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The difference between "western" alchemy and Chinese alchemy is that the Chinese quest involves a recipe for an elixir of immortality as opposed to a search for a way to make lead into gold. In both cases it was the foolish kings and emperors who threw mountains of their own money toward the alchemists and were ultimately disappointed. They had little understanding of metaphor and their literal minds knew no other way to look for riches or longevity. There were, of course, many alchemists who were happy to produce foul-tasting potions to please the emperors and to ride the money train until the rulers got impatient and lopped their heads off. The western alchemists, too, worked like modern pharmaceutical "researchers", always on the verge of a "cure" for AIDS or cancer but never quite making the lead shine.

For some of us, writing is that kind of a search (though without either the funding or the pressure of kings). I don't mean that the focus of writing is the achievement of immortality. In the way that the Holy Grail myth was about the quest rather than the goal, I think that writing is more about process than product. I suppose I'm less interested in the question of what makes a writer decide to stop tinkering with a given piece (many of us do it endlessly. Steven Heighton spends huge sums of money making changes to his final page proofs just before the plates hit the ink; Earle Birney rewrote and republished versions of poems decades apart) than I am in the question of when the poem itself ends. The communication that writing is doesn't happen until a reader invents the poem they read. If it's a good poem the memory of it might even stay with that reader for a while, and if the reader is also a writer they may echo a line or an idea somewhere in their own work so that some essence of the poem gets passed along like a baton in a relay. If the poem lives, even the author might come back to it in later days or years and read it as something new; transformed by experience, the poem will be something they hadn't known it was.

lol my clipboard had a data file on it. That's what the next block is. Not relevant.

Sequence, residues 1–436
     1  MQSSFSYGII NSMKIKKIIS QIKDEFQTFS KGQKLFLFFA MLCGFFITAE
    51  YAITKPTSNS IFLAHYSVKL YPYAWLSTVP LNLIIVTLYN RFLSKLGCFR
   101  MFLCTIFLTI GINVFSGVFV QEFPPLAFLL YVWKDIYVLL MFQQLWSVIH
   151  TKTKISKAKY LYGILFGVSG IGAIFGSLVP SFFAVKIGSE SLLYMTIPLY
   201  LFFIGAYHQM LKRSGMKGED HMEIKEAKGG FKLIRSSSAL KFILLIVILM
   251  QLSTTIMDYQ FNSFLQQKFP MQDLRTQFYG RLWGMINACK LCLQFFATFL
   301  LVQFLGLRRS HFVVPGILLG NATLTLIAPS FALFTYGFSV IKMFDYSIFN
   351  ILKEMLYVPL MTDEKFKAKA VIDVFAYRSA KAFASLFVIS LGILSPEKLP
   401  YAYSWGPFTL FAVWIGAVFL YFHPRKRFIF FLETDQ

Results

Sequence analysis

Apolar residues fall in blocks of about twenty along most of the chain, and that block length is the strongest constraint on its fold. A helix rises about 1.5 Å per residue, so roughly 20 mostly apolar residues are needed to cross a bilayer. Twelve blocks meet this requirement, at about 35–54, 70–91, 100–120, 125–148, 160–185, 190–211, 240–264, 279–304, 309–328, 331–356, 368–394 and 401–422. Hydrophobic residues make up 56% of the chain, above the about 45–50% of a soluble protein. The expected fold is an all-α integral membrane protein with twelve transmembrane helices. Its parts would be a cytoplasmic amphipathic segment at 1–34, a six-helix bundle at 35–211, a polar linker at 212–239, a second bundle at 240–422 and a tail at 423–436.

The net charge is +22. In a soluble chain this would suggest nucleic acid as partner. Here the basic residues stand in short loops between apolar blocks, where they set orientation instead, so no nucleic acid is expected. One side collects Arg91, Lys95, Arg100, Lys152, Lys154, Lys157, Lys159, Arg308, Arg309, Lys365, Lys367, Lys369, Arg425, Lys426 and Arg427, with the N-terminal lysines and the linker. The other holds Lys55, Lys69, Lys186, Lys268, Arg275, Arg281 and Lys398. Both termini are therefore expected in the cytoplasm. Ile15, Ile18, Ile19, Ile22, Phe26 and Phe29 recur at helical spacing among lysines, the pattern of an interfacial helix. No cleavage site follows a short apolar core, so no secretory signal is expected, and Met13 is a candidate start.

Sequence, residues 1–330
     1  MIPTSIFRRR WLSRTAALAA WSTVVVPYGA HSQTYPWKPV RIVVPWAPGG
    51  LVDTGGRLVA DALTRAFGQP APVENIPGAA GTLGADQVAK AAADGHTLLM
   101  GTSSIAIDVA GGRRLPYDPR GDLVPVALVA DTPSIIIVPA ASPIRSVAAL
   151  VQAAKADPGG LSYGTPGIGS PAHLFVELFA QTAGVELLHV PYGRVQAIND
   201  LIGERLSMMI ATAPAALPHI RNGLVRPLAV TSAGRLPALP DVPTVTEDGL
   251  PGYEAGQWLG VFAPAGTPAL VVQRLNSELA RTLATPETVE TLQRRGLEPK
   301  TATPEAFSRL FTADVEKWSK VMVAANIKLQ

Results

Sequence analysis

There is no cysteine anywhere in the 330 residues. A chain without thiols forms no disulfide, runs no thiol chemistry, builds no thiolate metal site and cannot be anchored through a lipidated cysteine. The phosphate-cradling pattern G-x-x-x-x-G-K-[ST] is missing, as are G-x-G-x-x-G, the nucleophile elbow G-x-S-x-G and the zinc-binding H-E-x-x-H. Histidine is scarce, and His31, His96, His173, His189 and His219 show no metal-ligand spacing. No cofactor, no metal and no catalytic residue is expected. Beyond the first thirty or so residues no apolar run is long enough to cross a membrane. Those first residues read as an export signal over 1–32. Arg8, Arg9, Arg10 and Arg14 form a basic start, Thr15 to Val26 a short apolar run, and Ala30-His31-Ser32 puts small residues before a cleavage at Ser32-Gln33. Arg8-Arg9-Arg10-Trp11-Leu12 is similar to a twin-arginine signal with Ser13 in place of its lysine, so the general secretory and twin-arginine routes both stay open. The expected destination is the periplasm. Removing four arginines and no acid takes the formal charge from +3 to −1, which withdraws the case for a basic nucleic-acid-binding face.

This is the kind of LA-TE-DA that I've heard people talk about before: poets looking for "immortality" through their work. Being a conduit for the poems of others is as important as writing for me. I'm not talking about fame here. If a minor Canadian poet in the late twentieth century has delusions of great fame and fortune then I think we're in trouble. But I think of that Bugs Bunny cartoon where the guy from the future finds a singing frog in a can. I'd like that guy or girl to find a poem of mine when they're on an archeological dig, and to take some pleasure from the noise it makes. It might be that they won't get the poem to sing for their emperor but it might shine a little. If it means something to them, the poem will hang on a little longer and take another breath.

Jay Ruzesky
Victoria, B.C.
June 15, 1996

Jay Ruzesky's works copyright © to the author.

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